Vira means hero. This posture is alternatively called diamond, thunderbolt or hero pose. In Hindu mythology, Indra (a king of heaven) created an indestructible weapon called the Vajra. Vajra was made from the backbone of a saint named Rishi Dadhicha. Dadhicha offered his body to Indra to help destroy the demon Vrtra (and his army) who was attacking Indra’s heavenly kingdom.
Benefits of Virasana
- Increases the strength of postural muscles.
- Increases flexibility in the hips in internal rotation and adduction while stretching the quadriceps.
- Strengthens the lower back and abdomen.
- People with knee or ankle pain may need to avoid this pose or start with with modifications. If you feel knee pain during or after the asana, then it is advisable to avoid hero pose until your knee problems have fully healed.
- Start by kneeling on your shins and sitting on your heels.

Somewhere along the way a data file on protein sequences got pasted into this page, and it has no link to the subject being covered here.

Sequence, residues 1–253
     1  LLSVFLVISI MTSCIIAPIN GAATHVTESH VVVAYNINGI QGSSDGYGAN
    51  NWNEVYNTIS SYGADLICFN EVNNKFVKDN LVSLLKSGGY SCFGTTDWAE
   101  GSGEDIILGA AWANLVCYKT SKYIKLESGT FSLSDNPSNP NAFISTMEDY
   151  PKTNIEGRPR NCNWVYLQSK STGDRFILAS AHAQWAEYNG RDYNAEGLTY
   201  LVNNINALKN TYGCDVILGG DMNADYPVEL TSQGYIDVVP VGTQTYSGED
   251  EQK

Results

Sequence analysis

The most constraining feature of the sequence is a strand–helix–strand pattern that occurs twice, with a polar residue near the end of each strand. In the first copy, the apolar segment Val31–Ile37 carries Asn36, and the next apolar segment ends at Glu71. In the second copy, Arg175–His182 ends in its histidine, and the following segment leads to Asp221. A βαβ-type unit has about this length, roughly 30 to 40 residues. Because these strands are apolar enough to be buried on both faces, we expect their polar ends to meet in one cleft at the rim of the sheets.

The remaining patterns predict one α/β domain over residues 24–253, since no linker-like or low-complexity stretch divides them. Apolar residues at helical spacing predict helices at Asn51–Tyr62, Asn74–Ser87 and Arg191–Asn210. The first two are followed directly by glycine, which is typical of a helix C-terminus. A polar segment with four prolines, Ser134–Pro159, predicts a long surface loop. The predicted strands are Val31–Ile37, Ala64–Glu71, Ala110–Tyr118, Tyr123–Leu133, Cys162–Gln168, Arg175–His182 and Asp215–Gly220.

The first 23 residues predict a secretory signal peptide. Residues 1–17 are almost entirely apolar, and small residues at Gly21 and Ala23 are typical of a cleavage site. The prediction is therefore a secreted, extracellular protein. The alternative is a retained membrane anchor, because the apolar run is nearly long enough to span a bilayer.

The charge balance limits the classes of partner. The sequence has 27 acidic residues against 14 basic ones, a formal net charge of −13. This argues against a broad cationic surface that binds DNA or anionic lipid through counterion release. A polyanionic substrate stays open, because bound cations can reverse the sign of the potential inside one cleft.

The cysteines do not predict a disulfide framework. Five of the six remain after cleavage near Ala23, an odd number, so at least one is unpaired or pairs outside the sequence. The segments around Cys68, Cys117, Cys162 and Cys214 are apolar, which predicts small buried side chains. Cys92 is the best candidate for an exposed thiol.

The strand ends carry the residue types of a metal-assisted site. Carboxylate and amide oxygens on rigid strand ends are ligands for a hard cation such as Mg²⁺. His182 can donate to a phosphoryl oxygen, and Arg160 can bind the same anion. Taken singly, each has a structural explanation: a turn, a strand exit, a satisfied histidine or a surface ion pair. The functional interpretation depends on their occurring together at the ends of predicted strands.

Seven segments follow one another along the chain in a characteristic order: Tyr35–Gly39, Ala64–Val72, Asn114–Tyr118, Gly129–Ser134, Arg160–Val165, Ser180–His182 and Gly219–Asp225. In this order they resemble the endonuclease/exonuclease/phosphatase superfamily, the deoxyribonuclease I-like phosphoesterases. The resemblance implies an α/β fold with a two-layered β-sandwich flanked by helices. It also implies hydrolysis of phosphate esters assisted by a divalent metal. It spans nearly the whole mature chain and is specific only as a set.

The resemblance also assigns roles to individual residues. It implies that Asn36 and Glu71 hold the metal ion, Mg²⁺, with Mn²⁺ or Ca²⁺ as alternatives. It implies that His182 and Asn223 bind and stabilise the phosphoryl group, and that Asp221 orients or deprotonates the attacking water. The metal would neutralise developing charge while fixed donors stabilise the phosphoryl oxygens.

- People who already find this position challenging can hold this version of the posture, engaging their abdominals and deep spinal muscles.
- Feel your lungs breathing deeply and your heart beating in your chest.
- If your knees are healthy, move into Virasana by separating the feet and placing your seat in between them with your knees together and your thighs rolled inward.
- Lift your hips slightly and clasp your calf muscles with your hands, rotating them gently outward to create space for your seat.
- If your knees feel uncomfortable, place a prop underneath your seat or go back to the first stage of hero pose.
- Make sure your pelvis is centered in between your ankles. Feel your sitzbones press evenly into the mat.
- Press your knees forward and slightly toward each other. Breathe deeply. Press your lower legs and feet into the earth, creating an extra stretch in the ankles, knees, and hips.
- Use your arms and the power of your legs and core to lift yourself back up to a kneeling position.